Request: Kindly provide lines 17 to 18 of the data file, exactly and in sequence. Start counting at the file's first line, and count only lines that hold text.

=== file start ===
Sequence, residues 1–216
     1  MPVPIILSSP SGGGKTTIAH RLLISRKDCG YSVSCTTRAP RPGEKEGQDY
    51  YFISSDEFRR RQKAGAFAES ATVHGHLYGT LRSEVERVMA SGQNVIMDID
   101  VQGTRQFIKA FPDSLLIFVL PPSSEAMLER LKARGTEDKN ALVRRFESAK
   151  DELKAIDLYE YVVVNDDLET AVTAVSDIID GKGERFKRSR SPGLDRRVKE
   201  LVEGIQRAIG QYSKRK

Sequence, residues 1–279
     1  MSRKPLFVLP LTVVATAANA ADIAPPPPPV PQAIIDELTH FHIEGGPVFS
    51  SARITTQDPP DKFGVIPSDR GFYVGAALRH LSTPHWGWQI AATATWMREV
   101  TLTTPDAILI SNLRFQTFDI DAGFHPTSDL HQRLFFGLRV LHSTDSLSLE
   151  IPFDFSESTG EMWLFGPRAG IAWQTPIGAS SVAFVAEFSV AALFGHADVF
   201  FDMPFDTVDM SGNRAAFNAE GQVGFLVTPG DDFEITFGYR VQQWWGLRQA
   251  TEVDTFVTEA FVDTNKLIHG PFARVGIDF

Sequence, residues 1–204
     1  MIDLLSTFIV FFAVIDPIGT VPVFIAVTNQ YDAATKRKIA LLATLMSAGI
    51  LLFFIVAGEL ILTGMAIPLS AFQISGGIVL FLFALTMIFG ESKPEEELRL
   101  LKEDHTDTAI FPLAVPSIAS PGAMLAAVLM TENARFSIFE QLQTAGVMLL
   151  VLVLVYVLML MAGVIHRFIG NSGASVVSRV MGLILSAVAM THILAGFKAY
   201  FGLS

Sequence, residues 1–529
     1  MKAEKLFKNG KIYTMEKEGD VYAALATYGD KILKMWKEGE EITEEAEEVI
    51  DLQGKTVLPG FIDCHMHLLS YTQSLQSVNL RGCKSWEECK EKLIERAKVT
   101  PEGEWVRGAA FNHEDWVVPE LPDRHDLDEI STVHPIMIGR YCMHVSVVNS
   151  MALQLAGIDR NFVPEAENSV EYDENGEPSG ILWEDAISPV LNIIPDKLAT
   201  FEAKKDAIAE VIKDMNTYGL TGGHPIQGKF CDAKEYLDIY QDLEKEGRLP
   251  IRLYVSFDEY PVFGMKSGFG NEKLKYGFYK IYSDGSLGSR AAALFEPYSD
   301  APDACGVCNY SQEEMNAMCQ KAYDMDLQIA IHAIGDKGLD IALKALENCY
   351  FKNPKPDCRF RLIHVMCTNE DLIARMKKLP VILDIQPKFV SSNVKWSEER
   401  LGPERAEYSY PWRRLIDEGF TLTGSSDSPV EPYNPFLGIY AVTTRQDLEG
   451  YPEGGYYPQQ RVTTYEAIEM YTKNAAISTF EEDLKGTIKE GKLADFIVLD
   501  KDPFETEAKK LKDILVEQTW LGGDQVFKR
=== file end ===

   101  LKEDHTDTAI FPLAVPSIAS PGAMLAAVLM TENARFSIFE QLQTAGVMLL
   151  VLVLVYVLML MAGVIHRFIG NSGASVVSRV MGLILSAVAM THILAGFKAY